As we touched on above, this far-reaching automation of finance departments will (potentially) result in reduced headcounts. On top of that, we are also predicting that the average employee on a finance team will move towards a more advisory role. They will no longer be focused solely on entering numbers, but rather on insights surrounding these numbers and market forecasts. In other words, finance employees will evolve to become genuine business analysts in the future.

A woman talking to 2 men in a hallway.
A woman talking to 2 men in a hallway.

4. finance goes real time: periodic reports will fade into the background.

Digitisation will ensure that forecasts can be generated at any time, and the traditional finance cycle will become increasingly less relevant as a result. The traditional end-of-month processes we are familiar with today will most likely make way for real-time analyses and forecasts. 

The difference between operational and analytical data will also gradually vanish. Investors will request data on a much more frequent basis and will be less reliant on monthly reports as a result. 

That said, there are many obstacles to be overcome in terms of data processing technology. Today, reports are being generated monthly, as there simply isn’t any alternative to doing so. When information starts becoming accessible at any time, finance departments will no longer be reliant on these traditional cycles. In turn, that will give finance employees more room to perform broader analyses and provide advice based on the insights they gain as a result.

5. an intelligent data model as a forecast for all companies.

The use of data models is strongly on the rise too, and we believe that all bottom-up forecasting processes (on turnover, operating capital, profits etc.) in use today can eventually be bettered by a well-trained data model. That said, to do so, a high degree of interaction will be required between traditional controllers, who know the business drivers inside out based on their experience at the company and within the sector, and data architects.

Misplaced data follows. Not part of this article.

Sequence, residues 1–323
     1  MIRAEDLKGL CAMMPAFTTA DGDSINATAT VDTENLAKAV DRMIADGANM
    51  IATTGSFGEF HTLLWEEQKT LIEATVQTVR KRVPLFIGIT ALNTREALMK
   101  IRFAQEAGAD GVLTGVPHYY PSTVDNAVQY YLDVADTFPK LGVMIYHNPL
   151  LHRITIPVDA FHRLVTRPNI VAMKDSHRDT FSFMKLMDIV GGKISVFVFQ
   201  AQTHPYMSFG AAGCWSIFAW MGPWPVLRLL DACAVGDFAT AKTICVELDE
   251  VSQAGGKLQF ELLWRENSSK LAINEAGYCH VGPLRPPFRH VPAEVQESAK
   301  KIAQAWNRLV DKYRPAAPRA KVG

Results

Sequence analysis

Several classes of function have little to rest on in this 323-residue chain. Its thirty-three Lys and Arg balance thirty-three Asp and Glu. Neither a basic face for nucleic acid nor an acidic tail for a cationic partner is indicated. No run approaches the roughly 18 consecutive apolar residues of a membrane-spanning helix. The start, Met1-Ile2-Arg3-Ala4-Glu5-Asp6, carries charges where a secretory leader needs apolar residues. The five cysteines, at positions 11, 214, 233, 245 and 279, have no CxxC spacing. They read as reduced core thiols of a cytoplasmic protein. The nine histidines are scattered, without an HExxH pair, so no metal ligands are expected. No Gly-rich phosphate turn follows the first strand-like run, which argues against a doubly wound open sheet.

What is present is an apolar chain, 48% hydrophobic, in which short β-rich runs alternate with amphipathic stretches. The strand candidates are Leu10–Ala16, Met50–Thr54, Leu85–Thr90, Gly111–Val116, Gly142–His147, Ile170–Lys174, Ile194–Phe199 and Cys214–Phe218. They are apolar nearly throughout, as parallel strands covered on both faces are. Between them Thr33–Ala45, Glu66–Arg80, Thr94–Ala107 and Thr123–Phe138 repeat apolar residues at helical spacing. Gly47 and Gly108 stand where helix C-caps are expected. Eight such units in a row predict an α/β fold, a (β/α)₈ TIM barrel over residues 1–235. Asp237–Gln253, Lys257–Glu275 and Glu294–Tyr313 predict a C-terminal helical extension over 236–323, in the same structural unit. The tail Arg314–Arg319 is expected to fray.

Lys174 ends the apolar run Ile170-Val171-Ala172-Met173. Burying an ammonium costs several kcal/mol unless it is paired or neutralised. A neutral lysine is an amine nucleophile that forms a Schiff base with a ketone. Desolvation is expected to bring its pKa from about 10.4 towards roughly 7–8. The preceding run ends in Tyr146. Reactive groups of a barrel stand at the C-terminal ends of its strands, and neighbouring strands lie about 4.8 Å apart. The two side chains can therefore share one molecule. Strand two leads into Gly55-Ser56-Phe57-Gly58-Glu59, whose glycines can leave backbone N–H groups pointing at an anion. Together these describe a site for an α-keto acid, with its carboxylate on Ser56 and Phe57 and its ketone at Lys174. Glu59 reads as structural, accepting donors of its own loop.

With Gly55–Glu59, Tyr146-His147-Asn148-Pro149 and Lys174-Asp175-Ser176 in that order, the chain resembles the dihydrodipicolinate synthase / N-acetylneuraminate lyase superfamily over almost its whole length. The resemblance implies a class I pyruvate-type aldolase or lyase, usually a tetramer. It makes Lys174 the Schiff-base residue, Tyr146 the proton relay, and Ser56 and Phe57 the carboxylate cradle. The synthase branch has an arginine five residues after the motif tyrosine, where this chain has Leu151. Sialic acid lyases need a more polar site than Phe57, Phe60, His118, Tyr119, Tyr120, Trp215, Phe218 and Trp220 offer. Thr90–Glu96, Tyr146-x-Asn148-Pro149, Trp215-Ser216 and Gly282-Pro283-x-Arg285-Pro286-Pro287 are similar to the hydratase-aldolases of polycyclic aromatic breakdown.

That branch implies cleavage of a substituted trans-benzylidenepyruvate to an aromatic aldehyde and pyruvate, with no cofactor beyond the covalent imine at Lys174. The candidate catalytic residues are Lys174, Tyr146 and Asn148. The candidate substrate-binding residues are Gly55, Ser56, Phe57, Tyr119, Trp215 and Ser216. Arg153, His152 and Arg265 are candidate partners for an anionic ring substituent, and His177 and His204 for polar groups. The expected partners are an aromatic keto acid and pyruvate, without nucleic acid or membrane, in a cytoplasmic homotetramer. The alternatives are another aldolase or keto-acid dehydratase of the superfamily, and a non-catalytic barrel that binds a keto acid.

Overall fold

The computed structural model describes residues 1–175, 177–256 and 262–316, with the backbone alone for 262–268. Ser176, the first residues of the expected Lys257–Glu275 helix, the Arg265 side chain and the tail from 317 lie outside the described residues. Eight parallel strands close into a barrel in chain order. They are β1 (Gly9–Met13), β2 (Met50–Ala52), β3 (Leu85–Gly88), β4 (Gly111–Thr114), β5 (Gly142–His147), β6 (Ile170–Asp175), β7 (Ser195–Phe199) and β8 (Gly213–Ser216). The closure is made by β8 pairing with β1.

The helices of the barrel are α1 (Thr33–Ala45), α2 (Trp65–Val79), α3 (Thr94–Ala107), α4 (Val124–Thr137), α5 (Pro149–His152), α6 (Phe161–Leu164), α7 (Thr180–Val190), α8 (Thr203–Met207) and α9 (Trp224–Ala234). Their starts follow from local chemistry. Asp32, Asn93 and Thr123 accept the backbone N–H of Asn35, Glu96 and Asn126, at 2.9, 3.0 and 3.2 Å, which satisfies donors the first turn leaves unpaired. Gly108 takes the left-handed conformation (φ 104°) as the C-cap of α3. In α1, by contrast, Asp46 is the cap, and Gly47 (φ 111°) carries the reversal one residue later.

The above assumption is not based on the ever-accelerating rise of AI, but on the availability of ever-greater volumes of internal and external data instead. The role played by data engineers in this cannot be underestimated. Consequently, we’d like to share one final piece of advice: invest in data today to facilitate the digitisation of tomorrow!


A huge number of changes are coming our way over the next few years. Automation will start playing an even bigger role at finance departments, and tasks will change and a more diverse range of colleagues will be required as a result. 

Choosing the right technology to drive this automation is essential. An aspect that can be solved using robotics at one company might be better approached at your business by building an interface between two existing systems or by using a microservice or low-code application. 

One thing should be clear by now: the future of finance has a lot in store for us. That said, we’re feeling resolutely optimistic about it!

We’re more than happy to help you set out or implement your digital strategy to prepare your current finance department for the challenges it will face tomorrow, so please don’t hesitate to get in touch with us. We’re happy to help you explore the options! 

about the author
Gerbrand Van Zeebroeck
Gerbrand Van Zeebroeck

gerbrand van zeebroeck


where will the finance department and the CFO be in 2025?

read our whitepaper